I found several spots in which to sit down and watch nuns separate wheat from chaff, priests ignorant of your presence flip through the pages of a bible written in the Ethiopian religious language of Ge’ez, young novices scuttle from church to church, small congregations of church elders murmur prayer and incantations and Mocking chats, Blue-breasted bee-eaters, Greater blue-eared glossy starlings and other birds make homes in sandy hollows.
Lichen and moss color walls. Visitors smile in adoration of the mind-blowing architecture and of how this majesty was created and then wonder what is behind the curtains that in every church conceal the Holy of the Holies, icons, crosses and other religious paraphernalia permitted to be seen only by priests.
Among the lucky is the church’s new patriarch, 71-year-old Abune Mathias, who had been enthroned in Ethiopian capital Addis Ababa at the beginning of March. Aptly for the Lalibela legend, his former post was in Jerusalem.
At Lalibela, I noticed the lack of something I was previously warned of, and this was confirmed for me upon talking to other travelers. Before the fee increase, guides hassled tourists more, priests often stuck out a hand if it was obvious that they were the subject of a photo and other locals warned of dire consequences if they were not hired as shoe carriers (footwear is not allowed in the churches themselves), although all of Ethiopia is so polite and reverent, threats of any magnitude seem hardly believable.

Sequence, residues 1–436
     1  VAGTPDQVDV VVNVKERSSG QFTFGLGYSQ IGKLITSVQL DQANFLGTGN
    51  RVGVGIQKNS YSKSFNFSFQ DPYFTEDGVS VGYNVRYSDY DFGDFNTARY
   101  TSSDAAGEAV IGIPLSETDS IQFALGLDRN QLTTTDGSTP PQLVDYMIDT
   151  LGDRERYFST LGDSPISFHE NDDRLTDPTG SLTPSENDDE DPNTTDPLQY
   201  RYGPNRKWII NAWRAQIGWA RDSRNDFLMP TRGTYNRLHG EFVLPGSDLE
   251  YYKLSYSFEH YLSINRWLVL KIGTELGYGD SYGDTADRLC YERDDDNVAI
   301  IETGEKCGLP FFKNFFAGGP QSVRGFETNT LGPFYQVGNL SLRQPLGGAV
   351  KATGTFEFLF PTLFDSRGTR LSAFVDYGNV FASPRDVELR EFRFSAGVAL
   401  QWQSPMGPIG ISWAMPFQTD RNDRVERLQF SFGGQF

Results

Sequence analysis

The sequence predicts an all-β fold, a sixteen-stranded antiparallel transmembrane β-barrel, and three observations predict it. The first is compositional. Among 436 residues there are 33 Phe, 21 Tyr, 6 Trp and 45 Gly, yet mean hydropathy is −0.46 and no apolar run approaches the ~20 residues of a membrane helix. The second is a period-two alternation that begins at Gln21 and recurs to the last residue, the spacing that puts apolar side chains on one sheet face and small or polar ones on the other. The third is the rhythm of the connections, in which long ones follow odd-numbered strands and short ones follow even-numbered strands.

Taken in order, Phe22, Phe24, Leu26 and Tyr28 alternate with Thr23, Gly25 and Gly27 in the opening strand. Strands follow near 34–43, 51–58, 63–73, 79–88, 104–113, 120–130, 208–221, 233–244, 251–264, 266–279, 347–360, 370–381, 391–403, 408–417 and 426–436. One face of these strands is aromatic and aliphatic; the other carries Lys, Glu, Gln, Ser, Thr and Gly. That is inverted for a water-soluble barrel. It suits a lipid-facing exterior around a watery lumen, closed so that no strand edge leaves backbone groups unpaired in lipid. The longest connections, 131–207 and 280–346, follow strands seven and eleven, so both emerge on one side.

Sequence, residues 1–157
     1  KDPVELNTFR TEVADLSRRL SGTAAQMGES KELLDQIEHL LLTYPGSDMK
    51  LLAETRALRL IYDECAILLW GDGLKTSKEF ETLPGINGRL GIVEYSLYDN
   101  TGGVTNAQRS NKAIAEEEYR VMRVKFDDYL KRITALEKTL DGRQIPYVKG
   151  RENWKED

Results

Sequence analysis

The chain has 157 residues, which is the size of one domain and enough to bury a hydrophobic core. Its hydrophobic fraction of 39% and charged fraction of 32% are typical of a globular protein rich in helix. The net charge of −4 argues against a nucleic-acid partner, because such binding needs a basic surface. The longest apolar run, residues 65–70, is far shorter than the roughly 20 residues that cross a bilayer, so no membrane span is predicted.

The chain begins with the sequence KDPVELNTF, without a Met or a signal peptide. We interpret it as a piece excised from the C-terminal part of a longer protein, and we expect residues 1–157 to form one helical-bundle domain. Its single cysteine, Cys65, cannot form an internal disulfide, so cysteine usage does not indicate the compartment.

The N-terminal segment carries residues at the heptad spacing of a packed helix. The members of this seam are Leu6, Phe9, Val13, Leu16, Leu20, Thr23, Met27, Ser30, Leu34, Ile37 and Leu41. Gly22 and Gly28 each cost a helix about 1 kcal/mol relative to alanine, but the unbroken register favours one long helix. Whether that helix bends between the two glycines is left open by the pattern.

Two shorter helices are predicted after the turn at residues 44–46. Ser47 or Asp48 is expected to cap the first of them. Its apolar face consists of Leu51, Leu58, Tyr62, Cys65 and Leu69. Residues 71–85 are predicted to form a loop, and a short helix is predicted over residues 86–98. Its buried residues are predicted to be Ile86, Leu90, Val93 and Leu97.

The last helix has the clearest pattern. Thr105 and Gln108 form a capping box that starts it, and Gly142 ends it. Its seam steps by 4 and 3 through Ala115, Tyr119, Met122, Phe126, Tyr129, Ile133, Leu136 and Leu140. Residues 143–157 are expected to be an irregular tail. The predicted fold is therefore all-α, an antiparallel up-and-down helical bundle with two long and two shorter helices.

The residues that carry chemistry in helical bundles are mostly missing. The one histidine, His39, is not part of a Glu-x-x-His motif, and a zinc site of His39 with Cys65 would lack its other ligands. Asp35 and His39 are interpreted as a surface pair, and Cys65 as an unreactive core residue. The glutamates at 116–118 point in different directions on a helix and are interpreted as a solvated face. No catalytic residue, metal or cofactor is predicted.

Now, though, these additional costs seem to have evaporated. It is though someone has said, yes, you can charge me $50, but the bucks stop there. This is the main concern of the guides, most of whom are worth the $15 to $18 they charge, for a former total of less than $40, two separate fees that at least spread the money around the town. One gripe is that the church spends very little if anything on the town. One bar worker I talked to said he earns 300 birr a month, about $17.
Women might also gripe at the church of Bet Golgotha, attached to Bet Mikael, as it does not allow them in, the only church in Lalibela not to do so.
The $50 fee also is just for the churches in Lalibela. There are others worth visiting that charge an additional amount. High up on Abuna Yoseph mountain, the small church of Asheton Maryam has some marvelous crosses and manuscripts, dutifully shown to you by a scowling priest, and a passage hacked through the mountain that leads to steps falling down in the direction of Lalibela (beware of a scam half way down when locals appeal for money for a supposed Library Club).